Born in Honolulu, Hawaii, Lorelei Meanor first was brought to Delaware to teach English at Talley Junior High School in the Brandywine School District. Eventually earning a Ed.D from the University of Delaware, she went into administration and became a principal at New Castle County schools and then at North Laurel Elementary. Lorelei came to Sussex after her son left for college and moved to Lewes to work at Laurel.
Why Lewes? Lorelei says, "I used to bring my son here when he was little and always loved the town and the beaches. It seemed like a lovely place to retire – housing was inexpensive too in town, the fact that so much of the town had remained natural and in place – the small alleyways and historic allure of Lewes conjured up images of the past." The old beach houses on Savannah with sand right up to the steps was a scene she vividly recalls.
Bonnie Taylor suggested that Lorelei get involved at The Lewes Historical Society, and so she started as a docent at Cannonball House Lewes Maritime Museum and then moved over as an archival volunteer, processing the DeVries Business Professional Women's collection. She is now helping to digitize images from the Col. Riley E. McGarraugh Photographic Collection, an important mid-20th century resource.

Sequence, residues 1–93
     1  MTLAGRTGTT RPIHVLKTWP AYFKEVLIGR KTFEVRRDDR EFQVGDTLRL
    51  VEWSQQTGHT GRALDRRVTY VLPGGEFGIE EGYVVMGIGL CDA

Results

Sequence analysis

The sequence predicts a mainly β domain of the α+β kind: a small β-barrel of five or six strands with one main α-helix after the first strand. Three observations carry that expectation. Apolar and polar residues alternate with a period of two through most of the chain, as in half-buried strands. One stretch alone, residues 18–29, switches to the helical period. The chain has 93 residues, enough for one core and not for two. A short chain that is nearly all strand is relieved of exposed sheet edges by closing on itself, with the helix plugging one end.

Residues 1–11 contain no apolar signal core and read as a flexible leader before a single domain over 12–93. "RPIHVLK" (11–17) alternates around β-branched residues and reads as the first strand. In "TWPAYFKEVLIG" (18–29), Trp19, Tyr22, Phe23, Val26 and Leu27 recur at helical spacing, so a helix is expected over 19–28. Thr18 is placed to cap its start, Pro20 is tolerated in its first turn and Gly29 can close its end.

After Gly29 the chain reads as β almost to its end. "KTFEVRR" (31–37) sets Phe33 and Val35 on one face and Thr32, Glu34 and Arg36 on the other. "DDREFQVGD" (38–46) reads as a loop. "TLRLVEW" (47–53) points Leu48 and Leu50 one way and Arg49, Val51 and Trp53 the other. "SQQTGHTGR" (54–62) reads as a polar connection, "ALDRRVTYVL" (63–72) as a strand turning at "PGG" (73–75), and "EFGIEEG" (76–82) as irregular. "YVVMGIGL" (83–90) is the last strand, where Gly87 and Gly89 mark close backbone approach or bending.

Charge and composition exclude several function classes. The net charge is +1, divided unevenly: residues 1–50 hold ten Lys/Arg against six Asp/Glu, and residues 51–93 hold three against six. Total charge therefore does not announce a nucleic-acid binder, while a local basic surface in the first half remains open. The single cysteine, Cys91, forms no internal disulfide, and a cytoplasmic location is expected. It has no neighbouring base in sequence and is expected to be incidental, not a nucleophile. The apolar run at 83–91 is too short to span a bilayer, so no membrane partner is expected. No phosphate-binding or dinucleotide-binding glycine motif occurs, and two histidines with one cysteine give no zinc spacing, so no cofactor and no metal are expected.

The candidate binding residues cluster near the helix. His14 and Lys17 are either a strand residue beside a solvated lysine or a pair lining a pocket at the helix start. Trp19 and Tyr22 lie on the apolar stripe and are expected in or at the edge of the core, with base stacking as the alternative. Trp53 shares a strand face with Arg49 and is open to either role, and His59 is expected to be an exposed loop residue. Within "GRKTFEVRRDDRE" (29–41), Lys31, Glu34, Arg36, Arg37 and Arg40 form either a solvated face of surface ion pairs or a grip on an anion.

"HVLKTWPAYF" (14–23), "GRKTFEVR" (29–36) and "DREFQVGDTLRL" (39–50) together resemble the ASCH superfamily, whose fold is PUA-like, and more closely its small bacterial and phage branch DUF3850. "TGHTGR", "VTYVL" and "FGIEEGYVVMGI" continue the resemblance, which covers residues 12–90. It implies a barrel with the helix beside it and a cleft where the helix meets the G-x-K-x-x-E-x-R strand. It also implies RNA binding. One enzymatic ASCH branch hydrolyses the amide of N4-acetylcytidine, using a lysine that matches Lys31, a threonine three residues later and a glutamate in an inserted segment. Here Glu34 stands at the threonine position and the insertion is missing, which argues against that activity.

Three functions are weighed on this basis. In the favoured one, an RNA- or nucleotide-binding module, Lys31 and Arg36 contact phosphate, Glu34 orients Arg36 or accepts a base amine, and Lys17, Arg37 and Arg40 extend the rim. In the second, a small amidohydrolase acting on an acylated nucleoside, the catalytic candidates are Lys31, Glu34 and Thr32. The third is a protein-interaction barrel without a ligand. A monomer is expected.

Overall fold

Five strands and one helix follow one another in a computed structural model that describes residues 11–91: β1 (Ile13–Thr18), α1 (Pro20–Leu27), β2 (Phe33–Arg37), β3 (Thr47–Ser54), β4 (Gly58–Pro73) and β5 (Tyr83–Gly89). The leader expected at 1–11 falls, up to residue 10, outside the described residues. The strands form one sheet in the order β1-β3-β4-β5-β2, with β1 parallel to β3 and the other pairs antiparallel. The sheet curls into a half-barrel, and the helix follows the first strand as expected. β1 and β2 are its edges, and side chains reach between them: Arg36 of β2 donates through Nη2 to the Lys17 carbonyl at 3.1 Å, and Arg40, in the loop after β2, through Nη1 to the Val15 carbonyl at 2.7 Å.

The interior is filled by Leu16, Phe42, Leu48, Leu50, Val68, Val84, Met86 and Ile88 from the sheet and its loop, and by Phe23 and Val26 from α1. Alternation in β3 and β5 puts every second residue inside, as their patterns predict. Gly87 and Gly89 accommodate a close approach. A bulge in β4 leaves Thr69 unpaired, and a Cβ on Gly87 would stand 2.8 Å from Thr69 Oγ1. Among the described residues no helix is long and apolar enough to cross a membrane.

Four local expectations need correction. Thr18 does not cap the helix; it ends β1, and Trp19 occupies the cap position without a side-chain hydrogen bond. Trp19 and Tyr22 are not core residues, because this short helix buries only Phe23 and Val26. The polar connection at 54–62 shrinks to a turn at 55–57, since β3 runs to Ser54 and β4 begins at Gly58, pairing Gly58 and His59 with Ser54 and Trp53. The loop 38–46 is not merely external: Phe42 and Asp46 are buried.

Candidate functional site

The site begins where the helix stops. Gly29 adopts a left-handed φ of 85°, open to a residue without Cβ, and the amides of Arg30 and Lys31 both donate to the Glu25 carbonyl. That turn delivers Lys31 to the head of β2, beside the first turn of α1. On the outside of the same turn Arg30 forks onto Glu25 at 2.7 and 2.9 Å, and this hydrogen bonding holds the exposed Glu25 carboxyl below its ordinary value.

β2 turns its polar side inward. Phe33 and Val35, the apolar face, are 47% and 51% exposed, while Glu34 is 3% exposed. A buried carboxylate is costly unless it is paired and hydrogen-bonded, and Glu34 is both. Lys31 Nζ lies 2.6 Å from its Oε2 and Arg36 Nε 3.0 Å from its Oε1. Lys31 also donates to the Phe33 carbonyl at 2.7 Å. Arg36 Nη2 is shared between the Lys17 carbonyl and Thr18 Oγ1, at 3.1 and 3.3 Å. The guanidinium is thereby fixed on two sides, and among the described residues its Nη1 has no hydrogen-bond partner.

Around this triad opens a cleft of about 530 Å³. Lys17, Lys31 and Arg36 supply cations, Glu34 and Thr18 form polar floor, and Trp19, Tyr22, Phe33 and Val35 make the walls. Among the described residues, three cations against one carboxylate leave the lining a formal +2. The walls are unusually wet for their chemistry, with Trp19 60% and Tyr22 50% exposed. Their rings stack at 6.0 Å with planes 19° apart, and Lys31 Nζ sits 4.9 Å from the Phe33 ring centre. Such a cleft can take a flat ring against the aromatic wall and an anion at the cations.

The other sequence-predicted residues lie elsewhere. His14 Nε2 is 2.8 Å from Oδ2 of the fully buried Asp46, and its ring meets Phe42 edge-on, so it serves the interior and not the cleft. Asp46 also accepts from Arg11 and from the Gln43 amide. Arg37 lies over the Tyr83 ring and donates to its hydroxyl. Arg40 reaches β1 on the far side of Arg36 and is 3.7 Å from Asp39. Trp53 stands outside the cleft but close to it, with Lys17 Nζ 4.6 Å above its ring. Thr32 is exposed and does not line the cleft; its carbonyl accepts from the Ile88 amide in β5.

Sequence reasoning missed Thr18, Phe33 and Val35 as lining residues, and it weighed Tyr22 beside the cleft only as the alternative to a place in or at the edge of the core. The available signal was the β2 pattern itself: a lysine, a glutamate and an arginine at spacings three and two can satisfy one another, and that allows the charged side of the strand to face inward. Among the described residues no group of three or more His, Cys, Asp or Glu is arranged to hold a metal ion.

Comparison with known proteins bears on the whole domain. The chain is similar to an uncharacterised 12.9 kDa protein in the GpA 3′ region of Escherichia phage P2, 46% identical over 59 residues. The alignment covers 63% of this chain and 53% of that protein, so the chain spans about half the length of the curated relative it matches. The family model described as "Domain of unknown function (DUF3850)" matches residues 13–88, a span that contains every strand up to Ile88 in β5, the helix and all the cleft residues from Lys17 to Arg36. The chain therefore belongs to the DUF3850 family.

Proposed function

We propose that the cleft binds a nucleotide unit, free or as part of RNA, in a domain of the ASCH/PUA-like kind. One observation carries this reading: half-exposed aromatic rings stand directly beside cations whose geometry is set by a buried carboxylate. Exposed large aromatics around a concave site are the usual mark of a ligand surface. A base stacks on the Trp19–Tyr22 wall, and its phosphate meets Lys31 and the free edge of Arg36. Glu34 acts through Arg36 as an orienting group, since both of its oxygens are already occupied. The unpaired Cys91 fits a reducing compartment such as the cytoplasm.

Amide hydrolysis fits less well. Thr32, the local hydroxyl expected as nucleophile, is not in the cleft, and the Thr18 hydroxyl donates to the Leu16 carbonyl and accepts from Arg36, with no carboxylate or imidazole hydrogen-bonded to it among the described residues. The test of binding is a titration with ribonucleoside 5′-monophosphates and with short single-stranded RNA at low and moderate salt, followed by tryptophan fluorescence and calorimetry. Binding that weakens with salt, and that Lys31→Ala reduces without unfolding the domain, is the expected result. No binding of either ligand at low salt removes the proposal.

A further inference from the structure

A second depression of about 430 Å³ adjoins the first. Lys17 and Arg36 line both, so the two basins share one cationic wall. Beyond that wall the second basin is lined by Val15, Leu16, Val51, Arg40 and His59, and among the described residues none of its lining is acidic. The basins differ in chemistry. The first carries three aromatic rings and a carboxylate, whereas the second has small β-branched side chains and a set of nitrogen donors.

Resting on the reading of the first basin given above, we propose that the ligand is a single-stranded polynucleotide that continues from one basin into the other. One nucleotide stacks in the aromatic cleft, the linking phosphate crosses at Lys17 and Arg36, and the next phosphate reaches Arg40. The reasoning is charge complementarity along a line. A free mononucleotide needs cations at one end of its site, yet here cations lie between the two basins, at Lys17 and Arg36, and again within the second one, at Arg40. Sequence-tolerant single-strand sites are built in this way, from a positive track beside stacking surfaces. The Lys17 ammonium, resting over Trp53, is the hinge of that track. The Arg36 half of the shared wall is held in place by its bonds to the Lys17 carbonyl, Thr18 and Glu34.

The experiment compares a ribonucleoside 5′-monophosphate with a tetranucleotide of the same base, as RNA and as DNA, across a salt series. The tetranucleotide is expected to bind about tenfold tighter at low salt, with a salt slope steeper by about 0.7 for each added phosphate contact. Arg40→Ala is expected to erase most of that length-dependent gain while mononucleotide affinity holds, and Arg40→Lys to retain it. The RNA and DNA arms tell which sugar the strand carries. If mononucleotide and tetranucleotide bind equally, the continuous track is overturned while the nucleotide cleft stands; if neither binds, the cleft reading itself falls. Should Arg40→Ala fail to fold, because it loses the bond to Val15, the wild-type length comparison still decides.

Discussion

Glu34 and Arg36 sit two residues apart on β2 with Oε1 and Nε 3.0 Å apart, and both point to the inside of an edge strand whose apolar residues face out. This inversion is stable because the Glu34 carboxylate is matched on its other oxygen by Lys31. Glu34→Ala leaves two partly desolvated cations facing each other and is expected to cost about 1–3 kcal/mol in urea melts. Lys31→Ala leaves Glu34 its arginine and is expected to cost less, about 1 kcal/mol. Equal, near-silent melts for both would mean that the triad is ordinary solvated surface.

In considering her estate plans, Lorelei noted that she "wanted a place that needed the money. I feel like I could do something worthwhile here and I love the idea of the Society’s education program and reaching out to children to help them understand the past. My mother was a teacher and my son is a teacher. Education runs in the family!"
Lorelei believes in the Society because of its strong commitment to preservation and education – she is so impressed by the way the Society advocates to save architecture in town and how it engages our community through education that she has decided to make a permanent investment in that effort -- through her estate plans and the Society's endowment.